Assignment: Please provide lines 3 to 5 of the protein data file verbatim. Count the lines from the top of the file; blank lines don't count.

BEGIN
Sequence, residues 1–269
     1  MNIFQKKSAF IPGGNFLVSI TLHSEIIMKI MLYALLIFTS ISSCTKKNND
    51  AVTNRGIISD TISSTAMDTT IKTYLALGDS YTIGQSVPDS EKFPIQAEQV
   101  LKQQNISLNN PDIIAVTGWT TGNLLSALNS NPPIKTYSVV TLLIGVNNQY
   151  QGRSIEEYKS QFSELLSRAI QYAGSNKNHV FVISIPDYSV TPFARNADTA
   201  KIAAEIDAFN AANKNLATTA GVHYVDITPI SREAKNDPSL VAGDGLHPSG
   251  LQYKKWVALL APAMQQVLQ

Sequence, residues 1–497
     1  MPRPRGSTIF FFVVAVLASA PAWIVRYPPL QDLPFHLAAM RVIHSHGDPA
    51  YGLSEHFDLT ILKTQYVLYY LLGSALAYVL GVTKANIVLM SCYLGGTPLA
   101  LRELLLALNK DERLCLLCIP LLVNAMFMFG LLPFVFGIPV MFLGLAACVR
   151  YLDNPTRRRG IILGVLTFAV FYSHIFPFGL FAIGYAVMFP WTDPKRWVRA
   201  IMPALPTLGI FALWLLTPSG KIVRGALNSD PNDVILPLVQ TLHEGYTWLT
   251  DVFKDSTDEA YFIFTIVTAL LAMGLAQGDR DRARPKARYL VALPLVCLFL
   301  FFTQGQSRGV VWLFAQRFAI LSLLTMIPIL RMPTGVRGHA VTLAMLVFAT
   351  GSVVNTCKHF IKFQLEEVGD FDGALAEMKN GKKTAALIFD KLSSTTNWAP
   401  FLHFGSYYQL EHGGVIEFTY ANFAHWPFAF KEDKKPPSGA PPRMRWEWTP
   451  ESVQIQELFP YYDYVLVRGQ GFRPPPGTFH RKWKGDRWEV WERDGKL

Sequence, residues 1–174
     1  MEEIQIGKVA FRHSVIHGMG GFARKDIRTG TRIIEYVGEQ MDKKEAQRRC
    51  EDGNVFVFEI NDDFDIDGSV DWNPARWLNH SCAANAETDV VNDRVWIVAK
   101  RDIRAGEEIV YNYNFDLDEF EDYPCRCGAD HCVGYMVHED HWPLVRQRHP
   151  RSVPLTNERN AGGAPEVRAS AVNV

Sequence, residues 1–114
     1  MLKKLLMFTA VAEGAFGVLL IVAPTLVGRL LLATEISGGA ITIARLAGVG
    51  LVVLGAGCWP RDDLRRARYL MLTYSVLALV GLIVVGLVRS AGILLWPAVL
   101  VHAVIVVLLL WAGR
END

    51  AVTNRGIISD TISSTAMDTT IKTYLALGDS YTIGQSVPDS EKFPIQAEQV
   101  LKQQNISLNN PDIIAVTGWT TGNLLSALNS NPPIKTYSVV TLLIGVNNQY
   151  QGRSIEEYKS QFSELLSRAI QYAGSNKNHV FVISIPDYSV TPFARNADTA